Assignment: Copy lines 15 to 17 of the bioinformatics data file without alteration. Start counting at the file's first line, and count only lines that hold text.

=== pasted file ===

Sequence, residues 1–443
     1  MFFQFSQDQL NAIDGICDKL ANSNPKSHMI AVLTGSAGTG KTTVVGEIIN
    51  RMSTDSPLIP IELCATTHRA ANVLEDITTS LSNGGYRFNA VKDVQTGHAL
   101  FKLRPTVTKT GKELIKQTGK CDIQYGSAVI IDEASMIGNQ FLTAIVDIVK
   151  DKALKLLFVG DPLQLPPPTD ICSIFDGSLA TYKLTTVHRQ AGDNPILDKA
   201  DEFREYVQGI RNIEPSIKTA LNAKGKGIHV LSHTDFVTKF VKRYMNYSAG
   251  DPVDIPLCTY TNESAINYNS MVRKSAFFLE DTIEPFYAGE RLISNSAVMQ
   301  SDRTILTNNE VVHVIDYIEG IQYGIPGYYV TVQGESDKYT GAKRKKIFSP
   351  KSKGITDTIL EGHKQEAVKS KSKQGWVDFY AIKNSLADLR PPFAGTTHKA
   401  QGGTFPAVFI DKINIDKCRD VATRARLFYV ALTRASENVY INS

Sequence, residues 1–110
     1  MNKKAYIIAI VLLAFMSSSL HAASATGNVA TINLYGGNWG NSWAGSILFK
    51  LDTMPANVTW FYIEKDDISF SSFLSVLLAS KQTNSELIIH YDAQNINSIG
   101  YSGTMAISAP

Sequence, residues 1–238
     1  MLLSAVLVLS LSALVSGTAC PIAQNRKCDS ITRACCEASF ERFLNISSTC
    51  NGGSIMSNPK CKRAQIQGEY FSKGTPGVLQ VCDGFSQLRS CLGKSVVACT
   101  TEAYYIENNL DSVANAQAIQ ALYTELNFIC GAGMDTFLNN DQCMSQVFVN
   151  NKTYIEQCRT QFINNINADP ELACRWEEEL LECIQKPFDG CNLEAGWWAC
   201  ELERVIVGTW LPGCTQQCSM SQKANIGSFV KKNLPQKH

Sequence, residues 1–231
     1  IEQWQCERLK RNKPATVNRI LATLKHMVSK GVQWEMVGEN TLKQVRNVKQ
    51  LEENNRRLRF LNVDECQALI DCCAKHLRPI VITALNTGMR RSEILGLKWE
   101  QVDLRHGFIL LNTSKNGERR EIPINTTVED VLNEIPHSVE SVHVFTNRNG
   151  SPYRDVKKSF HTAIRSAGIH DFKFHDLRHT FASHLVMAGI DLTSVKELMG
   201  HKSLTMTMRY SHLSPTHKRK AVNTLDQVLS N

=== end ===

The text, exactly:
Sequence, residues 1–238
     1  MLLSAVLVLS LSALVSGTAC PIAQNRKCDS ITRACCEASF ERFLNISSTC
    51  NGGSIMSNPK CKRAQIQGEY FSKGTPGVLQ VCDGFSQLRS CLGKSVVACT